Photo: © Rob Tarr

Photo: © Rob Tarr


Getaway, August 2014

When Leonie Joubert voyaged to Marion Island, she found more than just the fingerprint of climate change. She found herself.


I’m standing on the deck of a heaving SA Agulhas, as the research vessel’s giant screws dig into the silvery-grey waters, powering us through the Roaring Forties, those legendary latitudes where the world’s weather is born. A cloud of seabirds mills above the ship’s wake, but it’s only later that I realise I can count myself among a few who ‘now belong to a higher cult of mortals, for I have seen the albatross!’ as American ornithologist Robert Murphy wrote a century ago.

I’m 30. I’m not much of a birder. But I have this thing burning beneath my sternum like a furnace: the sting of failure (I’ve just limped away from my first grown-up job, broken), niggling loneliness, excitement about striding into a blank map, a hunger for something more. This existential itchiness has propelled me to answer Mark Twain’s call to ‘… throw off the bowlines. Sail away from the safe harbour. Catch the trade winds in your sails. Explore. Dream. Discover’.

But I have no idea what I’m doing. I’m following a team of scientists to Marion Island, home of South Africa’s sub-Antarctic weather station since 1948, to see how carbon emissions, shunted up into the atmosphere over Beijing and New York and the Mpumalanga Highveld, are squeezing this island like a fist as global temperatures rise.

The birds hover on motionless boomerang wings, as if by magic keeping pace with the ship as it rears out of another trough. I’m tiny and fleece-wrapped: an excited, naive, aspirant writer, voyaging uncertainly into the world of climate science.

Marion Island, the largest of the two making up the Prince Edward Islands in the Southern Ocean, appeared on the ship’s radar screen before the first dark lines of rocky cliffs cut through the mist.

Some crude pen lines on the bottom of the page of my journal capture the moment. Few have seen these remote islands, wrote author John Marsh in 1948, and ‘few ever want to. They thrust their lava peaks out of that vast sea where the world’s wildest weather is born. Their name is synonymous with storm, disaster and death’.

Our ship put down anchor in the sheltered crescent of Transvaal Cove and we waited for the cloud to lift enough for the choppers to ferry us across to the weather-beaten research base that creaked uneasily on stilted platforms suspending it over the uneven rock and soggy marshes.

The island’s remoteness makes it an ideal study site for natural scientists. Marion bubbled up out of the ocean floor about a million years ago. It’s a thimble of volcanic rock with a polar desert at its centre, mossy fellfields in the middle with the tough cushion-like Azorella plants that are topiaried by the freeze-thaw cycles, and the peat bogs along the coast with their caps of lush greenery that look like neat lawns but which give way beneath your boots and swallow you in up to the waist.

This is where I discovered wilderness, raw, beautiful and perilous. For a month, I trekked about on foot through the restless maritime weather, following scientists as they counted rockhopper penguins on the beaches, sidestepped barking seals, dug core samples out of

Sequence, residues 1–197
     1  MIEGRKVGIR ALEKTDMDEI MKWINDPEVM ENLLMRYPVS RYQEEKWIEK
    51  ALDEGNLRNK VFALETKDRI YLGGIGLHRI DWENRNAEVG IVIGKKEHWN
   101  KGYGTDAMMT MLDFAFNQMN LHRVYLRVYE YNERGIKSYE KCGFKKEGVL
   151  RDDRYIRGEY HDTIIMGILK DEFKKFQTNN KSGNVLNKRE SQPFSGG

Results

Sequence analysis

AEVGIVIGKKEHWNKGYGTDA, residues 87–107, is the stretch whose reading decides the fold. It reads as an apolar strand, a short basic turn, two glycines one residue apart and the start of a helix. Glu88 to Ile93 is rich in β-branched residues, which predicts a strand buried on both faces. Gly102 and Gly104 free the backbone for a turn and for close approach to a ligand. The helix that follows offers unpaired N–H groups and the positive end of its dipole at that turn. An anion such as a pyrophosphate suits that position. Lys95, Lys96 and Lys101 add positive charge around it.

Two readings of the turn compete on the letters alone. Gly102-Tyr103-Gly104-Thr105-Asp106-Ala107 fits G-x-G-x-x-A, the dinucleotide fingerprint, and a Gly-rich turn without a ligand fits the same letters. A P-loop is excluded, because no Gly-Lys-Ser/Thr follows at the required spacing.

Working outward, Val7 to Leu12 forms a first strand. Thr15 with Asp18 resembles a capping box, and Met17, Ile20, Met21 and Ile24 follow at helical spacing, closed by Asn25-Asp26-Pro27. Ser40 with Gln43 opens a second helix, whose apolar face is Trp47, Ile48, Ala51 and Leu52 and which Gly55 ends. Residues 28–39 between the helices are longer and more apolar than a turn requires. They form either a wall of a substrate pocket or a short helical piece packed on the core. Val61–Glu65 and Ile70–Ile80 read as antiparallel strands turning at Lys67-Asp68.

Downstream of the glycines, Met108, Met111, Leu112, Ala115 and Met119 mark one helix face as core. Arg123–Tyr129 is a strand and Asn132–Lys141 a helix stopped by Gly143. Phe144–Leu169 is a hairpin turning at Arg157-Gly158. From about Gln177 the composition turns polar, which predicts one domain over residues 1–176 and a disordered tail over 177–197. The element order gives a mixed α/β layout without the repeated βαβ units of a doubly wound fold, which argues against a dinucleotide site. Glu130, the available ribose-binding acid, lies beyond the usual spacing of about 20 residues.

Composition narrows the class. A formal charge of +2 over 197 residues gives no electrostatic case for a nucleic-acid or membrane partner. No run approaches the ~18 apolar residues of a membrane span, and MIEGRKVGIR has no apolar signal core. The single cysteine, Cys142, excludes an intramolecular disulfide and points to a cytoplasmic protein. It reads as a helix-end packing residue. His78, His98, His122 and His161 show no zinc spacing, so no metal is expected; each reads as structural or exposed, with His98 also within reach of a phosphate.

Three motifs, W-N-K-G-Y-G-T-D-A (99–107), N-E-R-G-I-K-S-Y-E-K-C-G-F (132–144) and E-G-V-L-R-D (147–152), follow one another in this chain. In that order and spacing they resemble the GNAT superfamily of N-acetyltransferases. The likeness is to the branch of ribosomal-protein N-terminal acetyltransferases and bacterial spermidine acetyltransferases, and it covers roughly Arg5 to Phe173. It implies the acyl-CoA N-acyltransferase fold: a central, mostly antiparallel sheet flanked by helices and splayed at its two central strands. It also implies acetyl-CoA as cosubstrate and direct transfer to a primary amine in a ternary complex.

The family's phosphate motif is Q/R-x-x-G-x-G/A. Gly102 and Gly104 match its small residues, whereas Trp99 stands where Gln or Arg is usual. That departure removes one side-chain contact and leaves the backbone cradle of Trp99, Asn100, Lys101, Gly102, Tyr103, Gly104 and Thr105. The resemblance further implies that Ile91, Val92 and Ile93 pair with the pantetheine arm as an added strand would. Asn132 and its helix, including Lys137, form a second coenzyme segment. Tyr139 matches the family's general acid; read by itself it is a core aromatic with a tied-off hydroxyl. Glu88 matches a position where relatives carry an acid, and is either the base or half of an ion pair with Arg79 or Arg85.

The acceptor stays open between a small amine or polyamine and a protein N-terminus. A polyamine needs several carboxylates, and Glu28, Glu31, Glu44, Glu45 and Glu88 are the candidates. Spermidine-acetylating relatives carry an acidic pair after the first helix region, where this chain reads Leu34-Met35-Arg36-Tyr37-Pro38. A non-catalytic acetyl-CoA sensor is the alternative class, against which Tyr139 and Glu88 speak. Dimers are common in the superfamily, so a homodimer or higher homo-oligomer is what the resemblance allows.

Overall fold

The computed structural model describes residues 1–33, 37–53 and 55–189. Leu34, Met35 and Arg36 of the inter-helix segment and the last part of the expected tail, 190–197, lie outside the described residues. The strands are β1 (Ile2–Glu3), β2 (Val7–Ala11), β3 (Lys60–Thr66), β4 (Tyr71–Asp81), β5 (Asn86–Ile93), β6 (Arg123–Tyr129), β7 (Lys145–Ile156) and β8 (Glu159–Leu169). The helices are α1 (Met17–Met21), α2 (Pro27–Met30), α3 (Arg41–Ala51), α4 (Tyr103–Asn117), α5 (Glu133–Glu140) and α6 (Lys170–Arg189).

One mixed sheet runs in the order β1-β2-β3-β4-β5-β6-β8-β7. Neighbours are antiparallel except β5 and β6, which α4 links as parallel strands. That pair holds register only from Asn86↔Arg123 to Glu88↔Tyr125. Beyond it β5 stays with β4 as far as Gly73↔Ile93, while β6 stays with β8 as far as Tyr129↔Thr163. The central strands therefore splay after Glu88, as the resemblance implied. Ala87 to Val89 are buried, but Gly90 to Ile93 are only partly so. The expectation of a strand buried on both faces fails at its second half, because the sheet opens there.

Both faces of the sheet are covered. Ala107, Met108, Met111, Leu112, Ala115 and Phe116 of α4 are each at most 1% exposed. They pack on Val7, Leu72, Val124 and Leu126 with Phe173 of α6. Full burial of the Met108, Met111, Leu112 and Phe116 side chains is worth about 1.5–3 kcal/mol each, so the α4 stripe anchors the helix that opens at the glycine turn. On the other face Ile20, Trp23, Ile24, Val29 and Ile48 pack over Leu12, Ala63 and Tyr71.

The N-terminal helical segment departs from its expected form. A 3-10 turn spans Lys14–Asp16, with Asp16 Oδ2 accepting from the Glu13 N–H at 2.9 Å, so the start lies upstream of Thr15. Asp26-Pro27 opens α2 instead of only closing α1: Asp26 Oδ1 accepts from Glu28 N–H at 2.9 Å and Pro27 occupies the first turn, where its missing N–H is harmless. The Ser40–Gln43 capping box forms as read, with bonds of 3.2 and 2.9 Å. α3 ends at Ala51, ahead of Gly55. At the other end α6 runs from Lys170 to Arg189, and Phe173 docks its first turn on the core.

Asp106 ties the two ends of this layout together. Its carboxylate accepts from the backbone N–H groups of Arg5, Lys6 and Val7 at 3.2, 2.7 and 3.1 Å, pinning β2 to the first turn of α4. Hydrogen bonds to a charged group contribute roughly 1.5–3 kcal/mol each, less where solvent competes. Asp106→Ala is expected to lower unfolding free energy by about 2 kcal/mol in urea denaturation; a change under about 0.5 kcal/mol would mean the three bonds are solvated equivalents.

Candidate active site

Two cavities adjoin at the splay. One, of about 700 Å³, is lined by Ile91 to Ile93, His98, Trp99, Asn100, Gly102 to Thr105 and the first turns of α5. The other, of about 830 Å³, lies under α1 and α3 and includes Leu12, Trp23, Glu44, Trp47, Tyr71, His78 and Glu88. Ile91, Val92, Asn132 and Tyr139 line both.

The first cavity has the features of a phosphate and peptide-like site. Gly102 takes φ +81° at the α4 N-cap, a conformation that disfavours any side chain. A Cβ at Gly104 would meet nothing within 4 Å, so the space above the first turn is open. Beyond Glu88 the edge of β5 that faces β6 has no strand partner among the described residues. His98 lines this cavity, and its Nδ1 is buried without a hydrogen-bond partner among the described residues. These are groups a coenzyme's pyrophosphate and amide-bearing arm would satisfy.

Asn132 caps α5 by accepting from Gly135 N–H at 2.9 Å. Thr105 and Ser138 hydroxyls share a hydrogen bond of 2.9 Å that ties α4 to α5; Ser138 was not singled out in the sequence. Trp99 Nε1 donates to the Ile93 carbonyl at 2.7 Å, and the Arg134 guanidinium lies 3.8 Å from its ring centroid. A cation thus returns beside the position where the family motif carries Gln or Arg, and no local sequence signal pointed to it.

Azorella cushions, or hiked back to the lab to squint through a microscope to describe a new species of tardigrade (a micro-animal known sweetly as a moss piglet) collected in a sample from a volcanic lake.

Wilderness like this isn’t silent. There’s the constant tugging of wind at your ear, or rattling calls of penguins, or skuas cawing overhead, or the swell surging up a rocky beach, or the puff of an orca coming up for breath beyond the waves. But the lack of mechanical sound and manmade structures is blissful.

Again and again, I disappeared into that solitary wilderness: hunching into a sleet-stinging rain or enjoying the odd sunny day, striding across the fields of volcanic rock that bloom with filigreed lichens and moss gardens or over the black sand beaches with their stones rolled into pebbles by the sea. Each journey was as much an internal one as it was a grinding physical exertion.

It was also here that I finally understood the unfolding catastrophe that is climate change. That even Marion’s remoteness could not spare it from the plunder of human activities happening half a world away: temperatures here have risen by 1,5 degrees Celsius since the 1950s, the sea has warmed by 1,4 degrees Celsius, rainfall is down by 30 percent, the ocean current that regulates the climate is shifting south and disrupting the algal blooms which bring fish for the near-shore feeding penguins, the island’s glacier has all but disappeared, and the spread of alien plants and insects is accelerating as they thrive in the warmer conditions, outcompeting the slow-growing local species.

I arrived not caring much about birds. I left having sat within reaching distance of wandering albatrosses as they unfurled their three-metre wingspan, tilted their beaks skyward and courted each other into a lifelong mating bond.

One decade and four books later, the ache in my chest hasn’t left. I still long for meaning, for love, for purpose in a chaotic world. It’s true, what Hemingway said: writing is ‘at best, a lonely life’. So is travelling.

But I don’t fear the existential ache anymore. To journey into wilderness is to go in search of oneself. Now I use the Cape’s wilderness to settle things. Running in solitude along Table Mountain’s sandstone paths, my feet grinding over the rocks in low-range, I run into my loneliness, towards myself. Just me, my trail shoes, and the sound of my breath: crunch-crunch, breathe-breathe, crunch-crunch, breathe-breathe…